Although couples are both responsible for protecting themselves (and each other) from sexually transmitted disease and unwanted pregnancy, will the new male pill lift the pressure off women who are struggling with the side effects of hormonal treatments?
These are the sort of questions that the general public has been asking since news broke that scientists have discovered a protein that blocks sperm.
Now they are finding a way to restrict the millions of sperm in one ejaculation, while preventing long term infertility and sexual dysfunction. Not an easy job.
But even though this development is years away, women are still starting to worry that men won't be reliable enough to ensure complete protection. Take a look at what's being said on Twitter...
A male birth control pill is in development but until the consequence of not taking it is men getting pregnant I won't trust men to take it.— Bez (@Bez) December 4, 2013
LOL @ "Male Birth Control"— CaribbeanAJ RumPunch (@caribbeanaj) October 27, 2013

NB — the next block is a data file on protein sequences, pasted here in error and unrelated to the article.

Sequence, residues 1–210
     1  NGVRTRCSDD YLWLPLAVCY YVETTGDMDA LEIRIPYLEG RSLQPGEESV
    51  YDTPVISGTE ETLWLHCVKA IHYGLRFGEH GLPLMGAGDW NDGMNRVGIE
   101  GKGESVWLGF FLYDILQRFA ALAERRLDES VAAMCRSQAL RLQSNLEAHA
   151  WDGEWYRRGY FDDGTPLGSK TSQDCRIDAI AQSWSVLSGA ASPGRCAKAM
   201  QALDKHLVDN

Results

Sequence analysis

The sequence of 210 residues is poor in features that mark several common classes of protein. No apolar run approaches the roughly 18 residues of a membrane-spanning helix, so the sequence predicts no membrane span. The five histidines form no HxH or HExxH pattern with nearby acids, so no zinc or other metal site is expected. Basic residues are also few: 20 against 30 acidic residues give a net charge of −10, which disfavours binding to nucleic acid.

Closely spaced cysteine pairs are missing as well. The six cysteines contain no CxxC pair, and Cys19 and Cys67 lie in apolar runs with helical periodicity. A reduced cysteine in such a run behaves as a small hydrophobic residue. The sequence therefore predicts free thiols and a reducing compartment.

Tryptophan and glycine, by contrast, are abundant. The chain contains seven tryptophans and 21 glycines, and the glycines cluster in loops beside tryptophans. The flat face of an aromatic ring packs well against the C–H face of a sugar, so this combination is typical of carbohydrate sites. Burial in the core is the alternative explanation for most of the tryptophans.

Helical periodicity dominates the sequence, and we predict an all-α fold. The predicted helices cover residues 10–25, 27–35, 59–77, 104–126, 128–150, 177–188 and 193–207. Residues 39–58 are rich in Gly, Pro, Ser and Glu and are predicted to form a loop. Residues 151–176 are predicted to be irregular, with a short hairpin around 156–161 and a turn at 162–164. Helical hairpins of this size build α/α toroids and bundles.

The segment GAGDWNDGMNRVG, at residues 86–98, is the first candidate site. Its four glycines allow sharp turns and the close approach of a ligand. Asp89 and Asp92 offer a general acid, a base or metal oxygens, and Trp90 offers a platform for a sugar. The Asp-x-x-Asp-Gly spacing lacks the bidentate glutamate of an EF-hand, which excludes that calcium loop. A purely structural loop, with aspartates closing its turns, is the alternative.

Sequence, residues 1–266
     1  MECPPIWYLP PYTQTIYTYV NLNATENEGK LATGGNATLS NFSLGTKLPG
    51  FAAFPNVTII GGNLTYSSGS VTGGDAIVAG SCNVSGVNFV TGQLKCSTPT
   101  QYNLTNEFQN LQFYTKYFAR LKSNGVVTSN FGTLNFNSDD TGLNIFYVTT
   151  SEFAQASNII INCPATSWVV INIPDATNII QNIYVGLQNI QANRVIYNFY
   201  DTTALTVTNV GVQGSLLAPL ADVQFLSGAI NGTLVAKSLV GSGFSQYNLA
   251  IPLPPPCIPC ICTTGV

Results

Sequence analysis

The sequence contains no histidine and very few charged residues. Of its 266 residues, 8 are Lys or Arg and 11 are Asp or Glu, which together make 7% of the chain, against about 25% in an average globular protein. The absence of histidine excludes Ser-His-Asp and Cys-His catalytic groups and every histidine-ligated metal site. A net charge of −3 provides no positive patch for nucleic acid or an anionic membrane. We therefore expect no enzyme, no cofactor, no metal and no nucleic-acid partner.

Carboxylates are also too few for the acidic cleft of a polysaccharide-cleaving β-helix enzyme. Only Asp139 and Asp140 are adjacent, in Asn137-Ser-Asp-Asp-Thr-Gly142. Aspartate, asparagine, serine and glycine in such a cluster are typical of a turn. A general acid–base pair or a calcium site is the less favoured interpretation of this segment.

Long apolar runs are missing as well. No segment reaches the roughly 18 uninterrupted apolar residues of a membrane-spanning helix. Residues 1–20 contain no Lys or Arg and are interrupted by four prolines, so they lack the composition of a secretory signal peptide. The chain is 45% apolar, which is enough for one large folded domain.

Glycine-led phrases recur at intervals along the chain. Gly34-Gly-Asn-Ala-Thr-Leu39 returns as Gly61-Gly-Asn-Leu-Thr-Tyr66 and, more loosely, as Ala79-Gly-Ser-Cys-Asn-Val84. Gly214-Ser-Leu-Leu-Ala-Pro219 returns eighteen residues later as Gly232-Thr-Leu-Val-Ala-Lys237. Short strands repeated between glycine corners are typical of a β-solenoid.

Really ladies? You would trust a man to have taken his birth control pill?
Just sell it as a "Male Enhancement"
Male contraceptive pill breakthrough according to the mail online... Interesting. They'd never remember to take it though #sillyboys— HollyCarpenter (@Holly0910) December 2, 2013
Male contraceptive pill being developed, I doubt any lad will remember to take a pill every morning though #pointless— BryBry ♡ (@BryonyBateman) December 2, 2013
In a slightly more unusual twist, Guardian columnist Daisy Buchanan has called for men to be given a taste of the hormonal angst that women suffer using traditional oestrogen and progesterone-fuelled contraception.
She writes, "Contraception should be a shared responsibility, and it's obviously not the fault of men that women have wombs to regulate, and that the side-effects are often pretty grim. But it's exciting that science could be about to give men the opportunity to be more involved than ever in family planning.
"Hormonal contraception allows women to exercise autonomy over our own bodies, but we pay for the privilege in all sorts of ways. If men were to experience some of the side-effects too, it would ultimately lead to both sexes gaining a greater understanding and appreciation of each other."
Although 50/50 contraception sounds great in theory, in reality male contraception will probably end up like a sexual novelty with women shouldering the burden. After all, attitudes aren't easy to change, right?
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